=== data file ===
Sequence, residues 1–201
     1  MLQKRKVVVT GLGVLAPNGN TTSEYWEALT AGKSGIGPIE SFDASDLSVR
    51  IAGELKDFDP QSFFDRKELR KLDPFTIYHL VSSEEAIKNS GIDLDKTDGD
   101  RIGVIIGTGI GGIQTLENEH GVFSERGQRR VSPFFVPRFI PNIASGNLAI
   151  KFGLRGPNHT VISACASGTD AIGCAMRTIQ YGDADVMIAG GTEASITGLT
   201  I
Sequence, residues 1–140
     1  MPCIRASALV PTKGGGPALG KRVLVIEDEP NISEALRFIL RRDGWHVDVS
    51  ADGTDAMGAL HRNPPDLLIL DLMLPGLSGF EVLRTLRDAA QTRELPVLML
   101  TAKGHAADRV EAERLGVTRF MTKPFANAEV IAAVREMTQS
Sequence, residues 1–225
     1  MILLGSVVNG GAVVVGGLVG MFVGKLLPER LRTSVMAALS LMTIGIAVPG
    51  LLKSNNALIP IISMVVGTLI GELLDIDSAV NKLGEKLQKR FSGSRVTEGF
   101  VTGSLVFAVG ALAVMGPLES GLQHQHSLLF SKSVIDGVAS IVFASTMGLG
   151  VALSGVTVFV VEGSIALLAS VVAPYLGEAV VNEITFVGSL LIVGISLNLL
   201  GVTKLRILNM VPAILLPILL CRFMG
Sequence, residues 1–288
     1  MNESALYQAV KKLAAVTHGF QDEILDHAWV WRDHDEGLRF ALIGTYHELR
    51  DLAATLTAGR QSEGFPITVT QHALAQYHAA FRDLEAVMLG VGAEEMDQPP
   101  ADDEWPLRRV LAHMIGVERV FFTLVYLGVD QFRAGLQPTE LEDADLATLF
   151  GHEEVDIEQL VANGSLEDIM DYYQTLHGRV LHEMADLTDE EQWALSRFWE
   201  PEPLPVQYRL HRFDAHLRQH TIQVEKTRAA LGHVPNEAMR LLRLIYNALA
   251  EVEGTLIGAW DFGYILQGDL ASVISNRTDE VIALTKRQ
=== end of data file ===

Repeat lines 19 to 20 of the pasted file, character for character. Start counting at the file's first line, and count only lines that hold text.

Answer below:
    51  DLAATLTAGR QSEGFPITVT QHALAQYHAA FRDLEAVMLG VGAEEMDQPP
   101  ADDEWPLRRV LAHMIGVERV FFTLVYLGVD QFRAGLQPTE LEDADLATLF